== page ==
As with many transitions in life or business, a little advanced planning helps the process run much more smoothly. For investors in their 60s, a number of planning considerations come into sharper focus which means it is an especially important time for prudent planning. These considerations are varied and may include an exit or transition from a family business, planning for qualified retirement plan assets, pension or social security filing strategies, shifts with an investment strategy, or determining an optimal portfolio withdrawal strategy.
Another important decision point comes at age 65, which is the Medicare eligibility age. Healthcare expenses are a significant expense over the course of a full retirement period. Not only do healthcare expenses tend to rise as we age, healthcare costs also historically inflate at approximately twice the rate as core inflation. This, of course, makes healthcare planning a particularly important consideration over a full 30-year retirement period.
Fortunately, Medicare subsidizes a large portion of the cost for retirees who have contributed to Medicare throughout their careers. However, if your annual taxable income (for married filing jointly) is over $182,000 when you apply for Medicare, you could be subject to additional surcharges due to Medicare’s income-related monthly adjustment amount (IRMAA). The IRMAA surcharge is based entirely on your annual taxable income in the years leading up to retirement and during retirement.
In some cases, the IRMAA surtax can total more than $5,000 per year, and it’s applied in three-year intervals. Since many are winding down careers during this timeframe, it’s often when deferred compensation or other lump sum payouts are scheduled. These payments can not only unwittingly push you into a higher tax bracket, and also trigger additional costs like the IRMAA surcharge. Thus, it’s essential to understand how IRMAA works in order to minimize or even eliminate this cost as part of your retirement planning.
Medicare currently has 62 million beneficiaries, including approximately 4.3 million Americans who pay higher Medicare premiums due to their annual income exceeding the $182,000 (married filing jointly) threshold. It’s important to realize that your income from two years prior to applying for Medicare will be subject to IRMAA calculations to determine if you meet the criteria for the surtax.
The IRMAA calculation is based on a sliding scale and only applies to payments for Medicare Part B and Part D plans. The higher the beneficiary’s range of modified adjusted gross income (MAGI), the higher the IRMAA surcharge. High-income Medicare enrollees have been required to pay the IRMAA surcharge for Part B coverage since 2007. The IRMAA surcharge for Part D premiums officially took effect in 2011.
The standard Medicare Part B premium, which typically covers physician visits and a range of outpatient services, increased to $170.10 per month in 2022, marking a 15% increase from 2021’s monthly premium of $148.50. This jump is one of the biggest annual increases in the history of the Medicare program, which officially debuted in 1966.
The tables below show the additional costs as they relate to filing status and income. Keep in mind that the standard monthly premium for Part B is $170.10, and that the costs below are applicable based on your Modified Adjusted Gross Income from two years prior.
MEDICARE - PART B
MEDICARE - PART D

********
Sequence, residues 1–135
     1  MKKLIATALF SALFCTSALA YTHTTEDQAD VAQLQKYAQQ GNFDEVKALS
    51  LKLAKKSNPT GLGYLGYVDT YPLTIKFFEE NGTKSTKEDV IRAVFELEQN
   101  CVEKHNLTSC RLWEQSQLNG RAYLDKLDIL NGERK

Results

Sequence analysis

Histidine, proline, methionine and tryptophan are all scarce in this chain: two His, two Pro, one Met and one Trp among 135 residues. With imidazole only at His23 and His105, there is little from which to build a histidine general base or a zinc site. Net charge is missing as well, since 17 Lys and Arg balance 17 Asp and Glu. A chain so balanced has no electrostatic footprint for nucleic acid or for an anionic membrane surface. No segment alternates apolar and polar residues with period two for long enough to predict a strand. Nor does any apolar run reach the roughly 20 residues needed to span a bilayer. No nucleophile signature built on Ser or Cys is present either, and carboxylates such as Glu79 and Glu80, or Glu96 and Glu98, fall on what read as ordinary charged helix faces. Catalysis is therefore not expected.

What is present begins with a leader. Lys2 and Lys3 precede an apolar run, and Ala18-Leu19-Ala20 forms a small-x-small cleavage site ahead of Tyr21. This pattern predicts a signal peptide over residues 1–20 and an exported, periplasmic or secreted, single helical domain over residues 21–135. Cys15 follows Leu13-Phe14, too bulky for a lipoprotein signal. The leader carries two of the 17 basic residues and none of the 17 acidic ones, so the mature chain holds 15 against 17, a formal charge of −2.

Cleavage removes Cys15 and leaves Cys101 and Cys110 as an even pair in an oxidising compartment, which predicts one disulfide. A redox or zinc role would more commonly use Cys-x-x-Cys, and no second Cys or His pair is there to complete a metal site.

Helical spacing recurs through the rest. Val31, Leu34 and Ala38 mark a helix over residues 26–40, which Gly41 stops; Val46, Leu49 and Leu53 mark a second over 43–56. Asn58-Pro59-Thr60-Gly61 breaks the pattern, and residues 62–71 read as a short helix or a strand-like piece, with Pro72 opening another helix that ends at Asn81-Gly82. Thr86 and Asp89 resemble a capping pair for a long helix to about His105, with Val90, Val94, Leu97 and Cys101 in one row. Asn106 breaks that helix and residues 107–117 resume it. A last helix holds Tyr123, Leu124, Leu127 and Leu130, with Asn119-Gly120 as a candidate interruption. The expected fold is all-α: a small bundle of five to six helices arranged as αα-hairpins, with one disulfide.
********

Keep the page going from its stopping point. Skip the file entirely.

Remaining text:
With an annual taxable income of $182,000 or less (for married filing jointly), no surtax is applied. Income above that limit, but below $228,000, results in a combined Part B and Part D increase of an additional $964.80 annually. The next level of income, up to $284,000 annually for married filing jointly, doubles the standard premium for a combined surtax of $2,426.40 annually. The top income threshold, above $750,000 for married filing jointly, results in a $5,833.20 annual surtax.
When planning for the IRMAA surtax, we need to keep in mind that these surtaxes are assessed and charged for three-year periods. The IRMAA surcharge does not automatically “adjust” itself annually, so planning is essential.
To avoid paying the IRMAA surtax, some investors can demonstrate a reduced income around the time of retirement that would put them in a lower taxable income level. For example, a business owner can decrease earned income by moving expenses forward or claiming deductions to lower annual taxable income. W-2 employees earning more than $200,000 should be mindful of income sources like stock options, equity payouts, annuities, or other income streams that may have some flexibility regarding when they are received. Scheduling payouts from deferred compensation programs is another factor that can impact IRMAA.
Depending upon your situation, it might be advantageous to file an IRMAA appeal and to request a manual review of your case. Using the Social Security Administration form 44, you can indicate that you've had a significant change in income and request that your IRMAA surcharge be recalculated. If your appeal is approved, your IRMAA surtax will be adjusted accordingly.
Ultimately, Medicare’s IRMAA surcharge is a retirement-related expense that you can prepare for long before your official retirement date. As always, we advise our clients to begin retirement planning as early as possible.
At The Fiduciary Group, we invite clients to speak with their investment advisor to explore the potential impact of the IRMAA surtax, and to evaluate mitigation options in the context of their broader financial plan. We realize that each investor’s situation is unique, and requires a customized, collaborative approach that takes personal goals and individual situations into account. As always, we are ready to guide you with data, market knowledge, and transparency to help you achieve your financial goals.